Randi Weingarten, president of the American Federation of Teachers (AFT) introduced Elizabeth Warren at her rally in Houston Saturday. Weingarten’s decision to go out on her own and endorse Warren made weekend headlines. Is Weingarten coming to the rescue for the former teacher, Elizabeth Warren?
Little more than a week ago, AFT union leaders made the decision to endorse three Democrats running for the party’s nomination for president instead of picking one candidate – at least for now. They chose Elizabeth Warren, Bernie Sanders, and Joe Biden. I wrote at the time that it was less than a courageous decision. Clearly the union wanted to get on the record that they don’t support the Bloomberg campaign. Bloomberg is an advocate for charter schools and school choice.
So, with Super Tuesday upon us, all three of the candidates are making appearances in Texas. During a Warren rally Saturday, Weingarten introduced Warren and announced her personal endorsement. She was careful to mention that it is her own endorsement, not that of the union. “That’s why I am here in my personal capacity,” she said. Ahead of the actual endorsement, she explained her decision to break away and do her own endorsement with a post on Medium.
Any of these three Democrats would be a transformational improvement over Donald Trump. And the AFT is encouraging our members and our affiliates, including all our leaders, to support — actively and vocally — any of them.
But when I am asked which candidate I will vote for, I’ve personally concluded that there is one who has the life experience that brings an understanding of what families — all families — need today to have a better future, the bold agenda to achieve that better life, and the wherewithal to work with others to turn her ideas into reality. And, of course, the toughness and persistence to take on Donald Trump.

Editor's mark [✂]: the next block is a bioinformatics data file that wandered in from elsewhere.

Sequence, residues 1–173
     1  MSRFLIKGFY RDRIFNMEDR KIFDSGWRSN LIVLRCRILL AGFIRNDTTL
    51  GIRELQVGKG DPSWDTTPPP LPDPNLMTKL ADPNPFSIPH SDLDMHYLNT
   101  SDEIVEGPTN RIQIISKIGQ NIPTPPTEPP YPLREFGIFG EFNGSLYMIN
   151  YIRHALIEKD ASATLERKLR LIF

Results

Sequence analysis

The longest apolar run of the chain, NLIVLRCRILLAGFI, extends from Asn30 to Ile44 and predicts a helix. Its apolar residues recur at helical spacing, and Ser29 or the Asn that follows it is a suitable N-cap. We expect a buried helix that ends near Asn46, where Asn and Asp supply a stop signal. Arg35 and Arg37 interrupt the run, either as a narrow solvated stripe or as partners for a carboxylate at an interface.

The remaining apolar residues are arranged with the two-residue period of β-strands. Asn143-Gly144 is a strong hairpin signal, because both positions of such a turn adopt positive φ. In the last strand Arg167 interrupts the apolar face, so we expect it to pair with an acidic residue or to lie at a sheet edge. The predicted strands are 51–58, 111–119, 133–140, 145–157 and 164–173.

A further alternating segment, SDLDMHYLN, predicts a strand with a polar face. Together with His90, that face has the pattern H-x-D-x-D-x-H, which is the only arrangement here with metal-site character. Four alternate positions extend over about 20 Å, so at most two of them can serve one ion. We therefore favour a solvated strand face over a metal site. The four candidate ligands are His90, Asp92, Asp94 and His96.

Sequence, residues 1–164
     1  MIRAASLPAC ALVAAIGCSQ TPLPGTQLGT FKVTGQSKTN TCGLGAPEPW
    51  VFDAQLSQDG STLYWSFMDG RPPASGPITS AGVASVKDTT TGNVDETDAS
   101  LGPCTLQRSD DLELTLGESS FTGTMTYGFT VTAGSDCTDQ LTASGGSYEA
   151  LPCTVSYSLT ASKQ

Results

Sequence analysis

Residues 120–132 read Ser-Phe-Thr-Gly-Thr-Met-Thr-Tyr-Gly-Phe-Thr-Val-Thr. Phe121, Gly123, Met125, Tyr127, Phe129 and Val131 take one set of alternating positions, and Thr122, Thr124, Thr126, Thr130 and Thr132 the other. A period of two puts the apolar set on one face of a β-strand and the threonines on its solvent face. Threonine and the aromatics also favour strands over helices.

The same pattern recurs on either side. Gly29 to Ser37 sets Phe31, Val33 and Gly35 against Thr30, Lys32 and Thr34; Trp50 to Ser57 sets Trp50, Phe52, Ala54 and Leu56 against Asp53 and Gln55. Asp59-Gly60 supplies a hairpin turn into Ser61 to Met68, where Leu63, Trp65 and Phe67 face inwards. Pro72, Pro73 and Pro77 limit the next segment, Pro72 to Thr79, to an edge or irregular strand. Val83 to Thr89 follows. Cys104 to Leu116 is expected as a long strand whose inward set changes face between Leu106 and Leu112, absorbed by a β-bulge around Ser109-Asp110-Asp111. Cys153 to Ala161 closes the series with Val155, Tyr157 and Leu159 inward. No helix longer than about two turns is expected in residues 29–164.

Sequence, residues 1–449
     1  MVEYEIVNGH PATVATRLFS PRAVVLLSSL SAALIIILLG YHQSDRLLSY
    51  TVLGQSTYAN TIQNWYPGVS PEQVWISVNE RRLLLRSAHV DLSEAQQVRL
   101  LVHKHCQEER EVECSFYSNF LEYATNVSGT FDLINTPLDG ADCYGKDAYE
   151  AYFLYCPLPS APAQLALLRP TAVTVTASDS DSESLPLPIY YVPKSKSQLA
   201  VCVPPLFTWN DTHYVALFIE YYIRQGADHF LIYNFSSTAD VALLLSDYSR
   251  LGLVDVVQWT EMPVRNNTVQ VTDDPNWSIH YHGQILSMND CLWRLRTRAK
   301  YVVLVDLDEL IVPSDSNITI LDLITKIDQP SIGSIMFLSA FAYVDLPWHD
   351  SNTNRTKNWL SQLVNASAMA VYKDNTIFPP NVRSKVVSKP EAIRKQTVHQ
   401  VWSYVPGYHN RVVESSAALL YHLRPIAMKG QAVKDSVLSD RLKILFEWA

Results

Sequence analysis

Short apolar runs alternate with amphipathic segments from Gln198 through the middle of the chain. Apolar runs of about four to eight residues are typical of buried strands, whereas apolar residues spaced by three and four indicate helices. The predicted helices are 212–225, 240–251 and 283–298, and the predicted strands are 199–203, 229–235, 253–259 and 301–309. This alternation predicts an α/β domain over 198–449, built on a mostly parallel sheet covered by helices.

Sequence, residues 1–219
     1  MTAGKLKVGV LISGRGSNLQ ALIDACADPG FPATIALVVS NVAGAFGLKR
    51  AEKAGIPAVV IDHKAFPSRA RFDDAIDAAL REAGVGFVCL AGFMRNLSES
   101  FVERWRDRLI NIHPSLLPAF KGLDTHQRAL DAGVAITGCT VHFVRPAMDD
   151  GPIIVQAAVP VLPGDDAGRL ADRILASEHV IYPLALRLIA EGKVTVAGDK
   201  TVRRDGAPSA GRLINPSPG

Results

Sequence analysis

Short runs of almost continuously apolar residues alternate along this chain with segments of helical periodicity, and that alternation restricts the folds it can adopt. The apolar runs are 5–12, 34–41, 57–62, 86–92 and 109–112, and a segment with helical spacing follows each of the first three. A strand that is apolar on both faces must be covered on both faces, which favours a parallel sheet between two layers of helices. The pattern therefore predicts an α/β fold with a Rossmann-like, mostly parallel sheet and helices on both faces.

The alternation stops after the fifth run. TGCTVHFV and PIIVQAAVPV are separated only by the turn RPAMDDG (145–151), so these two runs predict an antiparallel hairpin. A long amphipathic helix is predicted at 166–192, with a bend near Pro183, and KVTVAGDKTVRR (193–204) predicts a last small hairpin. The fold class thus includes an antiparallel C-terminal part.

That’s why today I am announcing my personal support for our champion, my friend, former teacher and professor — Sen. Elizabeth Warren. I will vote for her in the New York primary on April 28.
It’s a big deal that there’s a former special education teacher running for president. Being a teacher means being fearless and flexible, loving and compassionate, hardworking and resilient, and dedicated and devoted to making life better for all kids and families. Being a teacher means having an innate understanding of the value of public education and what is needed to help all children succeed and to support all educators.
Ironically, when Elizabeth Warren was a special education teacher, she was a Republican. The post on Medium makes clear that the AFT is supportive of the socialist far left – Weingarten touts Medicaid for All, throwing tons more taxpayer dollars at America’s failing public school system, and most importantly, defeating the bad Orange Man in November.
I will end where I started: We confront an existential crisis for our democracy and our very way of life. And I will, like so many others, support the person the Democrats ultimately nominate. I will work harder than I ever have, as I know our union will, to change the direction of our country and defeat Donald Trump.
At the same time in this moment, we can and must ensure that hope wins over despair, compassion over cruelty, fairness over inequality, and that justice and freedom become a lived experience for all. Elizabeth Warren is the candidate who can bring us together and bring out the best in America.
Here's why I personally support @ewarren. Many @aftunion members & others have asked me who I personally support. Now building on the @AFTunion Reso encouraging our members to help Joe, Bernie and/ or Elizabeth, here's why I am with @ewarren. #AFTvotes https://t.co/5X1ViMvNak